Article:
Aye caramba, Eric! You sure we WANT the details? :)

  2. Rick says:

    I hardly call attendance of 14,871 a “sparse crowd,” for an exhibition game that we were charged full price for. The arena was rockin’, and there was a large Canadian contingent in attendance.

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August 13th, 2004

World Cup Notebook

In response to my assessment of Team USA’s chances at the 2004 World Cup of Hockey, long-time reader Charles Tupper, Jr. had this to say:

Eric, where do you get this notion that the US National Program is in poor shape?

Restructured in ’96, won the under 18 world’s in ’02 and the world’s in’04. This is a helluva program considering hockey in the US ranks way down the list. When did the last Canadian team win the World Juniors tourney? Five, seven years ago? Instead of making the World’s a showcase for old fogies from the NHL retirement home why not allow the the US Juniors, World Champs 2004, to play. Why not let Parise and Montoya show their stuff. It worked in 1980, and this 2004 USA Junior team has far more talent than the Miracle squad.

To be fair, I didn’t say that the U.S. National program was a disaster, I just said that the next generation of talent in the U.S. has yet to emerge at the NHL level.

Don’t get me wrong, I love Zach Parise (and may Mike Milbury suffer the consequences one day for not drafting him) and Montoya, but they’re not ready for this kind of stage. Not yet anyway.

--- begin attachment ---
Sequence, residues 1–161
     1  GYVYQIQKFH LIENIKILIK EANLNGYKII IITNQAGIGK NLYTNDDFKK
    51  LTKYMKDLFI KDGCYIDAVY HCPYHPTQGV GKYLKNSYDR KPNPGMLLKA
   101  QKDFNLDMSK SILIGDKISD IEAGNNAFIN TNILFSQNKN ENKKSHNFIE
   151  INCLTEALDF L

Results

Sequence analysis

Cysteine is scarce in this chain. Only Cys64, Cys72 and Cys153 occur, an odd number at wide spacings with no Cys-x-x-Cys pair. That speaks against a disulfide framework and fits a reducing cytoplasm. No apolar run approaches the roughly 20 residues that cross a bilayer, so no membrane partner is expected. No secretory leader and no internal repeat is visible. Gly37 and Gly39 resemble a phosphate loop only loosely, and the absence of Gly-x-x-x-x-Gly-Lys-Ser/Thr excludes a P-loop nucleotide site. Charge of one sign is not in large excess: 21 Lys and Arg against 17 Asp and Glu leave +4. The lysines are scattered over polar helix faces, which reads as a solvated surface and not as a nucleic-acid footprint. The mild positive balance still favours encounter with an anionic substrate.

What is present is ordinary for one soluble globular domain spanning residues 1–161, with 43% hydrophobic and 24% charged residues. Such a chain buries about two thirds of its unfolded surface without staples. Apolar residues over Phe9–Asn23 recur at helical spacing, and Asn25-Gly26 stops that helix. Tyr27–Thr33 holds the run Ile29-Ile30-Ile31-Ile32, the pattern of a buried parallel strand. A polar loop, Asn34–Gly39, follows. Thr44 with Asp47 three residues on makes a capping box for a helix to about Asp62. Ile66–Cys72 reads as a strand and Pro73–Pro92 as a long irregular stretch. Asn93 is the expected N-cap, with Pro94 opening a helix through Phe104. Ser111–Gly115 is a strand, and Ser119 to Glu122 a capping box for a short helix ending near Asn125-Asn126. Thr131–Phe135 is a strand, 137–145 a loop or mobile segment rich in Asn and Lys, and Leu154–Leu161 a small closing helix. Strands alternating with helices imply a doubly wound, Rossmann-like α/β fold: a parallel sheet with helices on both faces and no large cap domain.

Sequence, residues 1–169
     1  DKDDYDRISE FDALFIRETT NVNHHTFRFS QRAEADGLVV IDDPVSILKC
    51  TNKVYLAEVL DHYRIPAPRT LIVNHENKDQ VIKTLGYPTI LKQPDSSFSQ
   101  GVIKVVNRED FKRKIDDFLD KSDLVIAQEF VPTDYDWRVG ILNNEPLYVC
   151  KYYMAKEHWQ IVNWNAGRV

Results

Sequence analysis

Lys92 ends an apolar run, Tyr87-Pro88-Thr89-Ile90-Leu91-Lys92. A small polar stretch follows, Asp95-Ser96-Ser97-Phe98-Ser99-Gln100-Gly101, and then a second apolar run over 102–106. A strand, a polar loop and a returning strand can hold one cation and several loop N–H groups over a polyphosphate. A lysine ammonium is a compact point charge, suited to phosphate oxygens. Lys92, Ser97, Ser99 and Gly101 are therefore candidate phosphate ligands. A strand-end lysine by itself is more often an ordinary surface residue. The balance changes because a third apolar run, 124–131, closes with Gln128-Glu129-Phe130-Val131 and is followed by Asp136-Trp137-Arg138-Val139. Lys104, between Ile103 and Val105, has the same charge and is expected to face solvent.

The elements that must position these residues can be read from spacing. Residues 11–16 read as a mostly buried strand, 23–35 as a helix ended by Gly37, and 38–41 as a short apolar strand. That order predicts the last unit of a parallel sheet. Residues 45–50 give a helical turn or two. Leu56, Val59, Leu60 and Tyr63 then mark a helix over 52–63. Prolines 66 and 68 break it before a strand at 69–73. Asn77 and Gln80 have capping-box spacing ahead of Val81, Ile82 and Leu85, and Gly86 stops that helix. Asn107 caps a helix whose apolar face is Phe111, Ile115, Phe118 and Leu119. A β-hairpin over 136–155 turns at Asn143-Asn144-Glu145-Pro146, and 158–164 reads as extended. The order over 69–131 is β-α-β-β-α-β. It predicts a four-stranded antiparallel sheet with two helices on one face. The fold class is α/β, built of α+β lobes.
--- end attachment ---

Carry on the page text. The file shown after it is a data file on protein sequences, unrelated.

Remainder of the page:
What I would like to see, is more players like Scott Gomez and Jordan Leopold on the roster, rather than Brian Leetch and Chris Chelios. When Canada loses players like Rob Blake and Steve Yzerman, they get credibly replaced by younger players who are clearly emerging stars and have gotten it done at the NHL level one way or another.

If Leetch or Chelios went down tomorrow, who would replace them? I’m having a tough time thinking of names off the top of my head.

Then again, there’s more than a whiff of romance in Charles’ idea to send a bunch of swift-skating kids up against the world’s toughest professionals. It would be something to see.

In tournament roster news, Mathieu Schneider informed Team USA he was withdrawing from the tournament, and he was replaced on the roster by Boston’s Hal Gill — a move that makes the American blue line both younger and tougher.

Think of it this way: who would you rather see battling Joe Thornton and Vincent Lacavalier down low in front of Team USA’s net: the 5’10″ 192 pound Schneider, or the 6’7″ 250 pound Gill?

For those of you catching up, On The Wings has a great roundup of all the player movement before the tournament, including the news that Sergei Fedorov, Alexi Zhamnov and Valeri Bure have all refused to play for the Russians — essentially wiping out any chance they had of winning the tournament.

UPDATE: Looks like I need to watch more Bruins games on NHL Center Ice. Here’s Hockeybird on Hal Gill:

[T]he news that Schneider will be replaced by lumbering oaf Hal Gill. In a tournament that will have a lot to do with speed and quickness, Hal Gill will probably look like a pylon out there. Canada may be a physical team, but the other six aren’t.